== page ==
Conclusions reached by the Republicans in their draft report represent a break with the U.S. intelligence community, which determined in January 2017 that part of the Kremlin’s strategy was to help Trump’s chances of winning. Conaway said the panel would release a “separate report on the analytical integrity” of the intelligence community’s conclusions in the weeks ahead — though he said the panel agreed with the determination that Russia used “active measures” to affect the 2016 election season.
Democrats and Republicans on the committee have interviewed the same 73 witnesses and viewed the same 300,000-plus documents, according to a tally Republicans released Monday. Democrats say there are thousands more pages of documents the committee never procured and dozens more witnesses they need to call for interviews — including several they say need to be subpoenaed for testimony after refusing to fully answer the panel’s questions.
But Conaway argued against using subpoenas or contempt citations to compel more testimony from witnesses who refused to answer questions about their time in the administration, arguing that Trump might want to invoke executive privilege.
“You use subpoenas when you think you can actually get something from them, and we’re not particularly confident that the subpoena process will get us any more information than we had,” Conaway said. “We’ve interviewed everyone we think we need to interview.”
Among those Conaway listed as unlikely to answer additional questions from the panel is Trump supporter and Blackwater security group founder Erik Prince. Democrats want to determine whether Prince lied to the panel about his meeting with a Kremlin representative in Seychelles in January 2017.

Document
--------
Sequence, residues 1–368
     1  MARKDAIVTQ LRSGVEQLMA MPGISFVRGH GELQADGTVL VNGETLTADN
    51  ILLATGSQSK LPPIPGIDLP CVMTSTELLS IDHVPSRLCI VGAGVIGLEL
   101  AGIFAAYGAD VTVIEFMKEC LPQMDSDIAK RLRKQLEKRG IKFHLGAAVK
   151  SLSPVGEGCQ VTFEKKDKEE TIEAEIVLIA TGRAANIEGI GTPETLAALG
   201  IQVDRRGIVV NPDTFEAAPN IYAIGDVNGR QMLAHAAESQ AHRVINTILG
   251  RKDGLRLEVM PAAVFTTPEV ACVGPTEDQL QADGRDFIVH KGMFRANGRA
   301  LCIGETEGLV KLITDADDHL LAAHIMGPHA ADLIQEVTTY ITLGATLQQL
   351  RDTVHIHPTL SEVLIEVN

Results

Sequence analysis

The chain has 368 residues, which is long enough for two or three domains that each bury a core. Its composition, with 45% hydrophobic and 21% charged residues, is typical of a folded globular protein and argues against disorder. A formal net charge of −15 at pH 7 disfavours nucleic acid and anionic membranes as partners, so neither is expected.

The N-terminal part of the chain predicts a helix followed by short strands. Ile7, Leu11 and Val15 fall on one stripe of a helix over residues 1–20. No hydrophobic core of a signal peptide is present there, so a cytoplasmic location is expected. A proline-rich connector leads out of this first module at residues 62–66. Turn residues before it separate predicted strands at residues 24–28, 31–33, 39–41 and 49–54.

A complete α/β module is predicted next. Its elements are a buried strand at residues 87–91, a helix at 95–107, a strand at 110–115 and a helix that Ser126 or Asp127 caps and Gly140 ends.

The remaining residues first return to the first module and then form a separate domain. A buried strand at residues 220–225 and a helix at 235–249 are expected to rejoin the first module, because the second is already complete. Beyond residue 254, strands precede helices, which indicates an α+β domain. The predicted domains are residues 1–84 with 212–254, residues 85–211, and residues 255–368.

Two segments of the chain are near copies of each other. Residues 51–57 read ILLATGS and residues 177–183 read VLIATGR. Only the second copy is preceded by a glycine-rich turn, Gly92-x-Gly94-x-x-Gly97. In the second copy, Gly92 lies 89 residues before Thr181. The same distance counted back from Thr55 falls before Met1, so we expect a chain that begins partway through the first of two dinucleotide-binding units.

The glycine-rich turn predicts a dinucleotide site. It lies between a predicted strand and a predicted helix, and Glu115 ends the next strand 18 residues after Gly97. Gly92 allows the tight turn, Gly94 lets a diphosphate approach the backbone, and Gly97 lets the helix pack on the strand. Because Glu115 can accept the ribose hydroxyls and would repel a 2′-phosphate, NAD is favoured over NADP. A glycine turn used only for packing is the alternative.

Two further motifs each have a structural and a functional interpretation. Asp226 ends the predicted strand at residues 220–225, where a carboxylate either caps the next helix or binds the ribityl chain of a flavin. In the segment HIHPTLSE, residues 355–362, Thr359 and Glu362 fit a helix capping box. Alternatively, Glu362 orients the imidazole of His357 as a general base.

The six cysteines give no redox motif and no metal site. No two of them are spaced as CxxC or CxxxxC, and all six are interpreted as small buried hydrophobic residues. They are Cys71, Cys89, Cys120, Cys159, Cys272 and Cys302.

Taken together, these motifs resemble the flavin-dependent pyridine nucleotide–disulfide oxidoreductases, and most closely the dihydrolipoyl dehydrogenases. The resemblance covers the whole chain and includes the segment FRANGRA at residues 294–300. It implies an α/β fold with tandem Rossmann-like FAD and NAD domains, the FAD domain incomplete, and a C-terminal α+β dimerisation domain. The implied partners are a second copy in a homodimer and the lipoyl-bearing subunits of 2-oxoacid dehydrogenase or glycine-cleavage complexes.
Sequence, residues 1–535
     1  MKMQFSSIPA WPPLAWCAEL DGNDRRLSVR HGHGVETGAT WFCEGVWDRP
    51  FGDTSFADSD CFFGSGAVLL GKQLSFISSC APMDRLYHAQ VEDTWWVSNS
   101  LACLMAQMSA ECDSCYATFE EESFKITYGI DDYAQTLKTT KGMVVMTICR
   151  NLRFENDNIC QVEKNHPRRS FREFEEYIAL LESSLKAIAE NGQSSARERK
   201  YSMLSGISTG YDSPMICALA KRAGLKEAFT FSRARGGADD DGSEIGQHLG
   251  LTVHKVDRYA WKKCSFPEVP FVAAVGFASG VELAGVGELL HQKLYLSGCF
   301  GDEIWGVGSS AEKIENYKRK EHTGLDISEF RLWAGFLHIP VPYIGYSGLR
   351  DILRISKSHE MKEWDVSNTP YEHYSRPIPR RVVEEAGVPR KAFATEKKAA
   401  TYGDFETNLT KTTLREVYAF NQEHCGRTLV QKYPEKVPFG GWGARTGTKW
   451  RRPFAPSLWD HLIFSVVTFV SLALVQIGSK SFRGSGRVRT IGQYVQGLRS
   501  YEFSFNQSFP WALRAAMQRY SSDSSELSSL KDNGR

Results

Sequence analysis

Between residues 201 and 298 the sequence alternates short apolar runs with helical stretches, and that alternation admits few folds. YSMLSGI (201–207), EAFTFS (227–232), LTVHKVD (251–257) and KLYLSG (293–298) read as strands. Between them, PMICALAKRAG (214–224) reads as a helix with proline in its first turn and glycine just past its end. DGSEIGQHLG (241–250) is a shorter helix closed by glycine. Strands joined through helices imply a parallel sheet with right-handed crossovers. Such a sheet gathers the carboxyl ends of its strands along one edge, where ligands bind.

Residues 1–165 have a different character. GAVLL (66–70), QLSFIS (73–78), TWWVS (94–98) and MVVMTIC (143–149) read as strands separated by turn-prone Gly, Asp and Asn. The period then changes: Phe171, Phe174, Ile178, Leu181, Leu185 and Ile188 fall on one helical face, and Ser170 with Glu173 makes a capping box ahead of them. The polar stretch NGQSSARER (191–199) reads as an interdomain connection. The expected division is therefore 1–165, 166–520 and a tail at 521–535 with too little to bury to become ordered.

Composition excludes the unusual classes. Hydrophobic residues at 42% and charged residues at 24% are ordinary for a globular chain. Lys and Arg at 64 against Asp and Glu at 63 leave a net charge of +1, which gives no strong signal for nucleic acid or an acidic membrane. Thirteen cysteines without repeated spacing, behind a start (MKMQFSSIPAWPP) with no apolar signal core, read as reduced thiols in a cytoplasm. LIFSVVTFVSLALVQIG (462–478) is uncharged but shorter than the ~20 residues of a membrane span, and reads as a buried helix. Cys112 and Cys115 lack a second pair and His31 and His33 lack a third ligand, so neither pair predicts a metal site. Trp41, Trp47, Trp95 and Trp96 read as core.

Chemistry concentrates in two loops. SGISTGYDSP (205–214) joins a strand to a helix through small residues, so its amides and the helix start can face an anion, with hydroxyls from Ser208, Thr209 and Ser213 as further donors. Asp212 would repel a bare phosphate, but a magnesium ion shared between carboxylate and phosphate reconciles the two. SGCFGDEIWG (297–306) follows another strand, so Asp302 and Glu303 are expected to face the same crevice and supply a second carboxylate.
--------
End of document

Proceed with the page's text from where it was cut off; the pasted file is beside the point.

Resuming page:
They’ve also been frustrated with former White House strategist Stephen K. Bannon. Despite signals the committee would seek to hold him in contempt for refusing to answer questions related to the Trump administration and the transition period, that now appears unlikely.
Instead, Conaway said, the committee would continue to investigate allegations of surveillance abuse the GOP highlighted in a controversial memo earlier this year. The panel also would continue to examine allegations of “unmasking,” he added, noting claims that the Obama administration improperly revealed the names of people and corporations in surveillance reports. Democrats have objected to both investigations.
“Even while they close down the Russia investigation, they plan to continue trying to put our own government on trial,” Schiff said. “This is a great service to the President, and a profound disservice to the country.”
Schiff said the panel’s Democrats would continue aspects of the investigation “with or without the active participation of the majority.” Conaway stressed that the GOP’s draft report was not final and he would seek to incorporate Democrats’ suggestions before turning it over to the intelligence community for redactions, but Democrats are expected to release a separate report.
GOP leaders argued that the committee could not wait any longer to release its findings without doing a disservice to the public.
“After more than a year investigating Russia’s actions in the 2016 election, we are well into the primary season for the 2018 elections, and experts are warning that we need to safeguard against further interference,” said AshLee Strong, a spokeswoman for House Speaker Paul D. Ryan (R-Wis.). “That’s what this next phase is about, and we hope Democrats will join us in seeing this through.”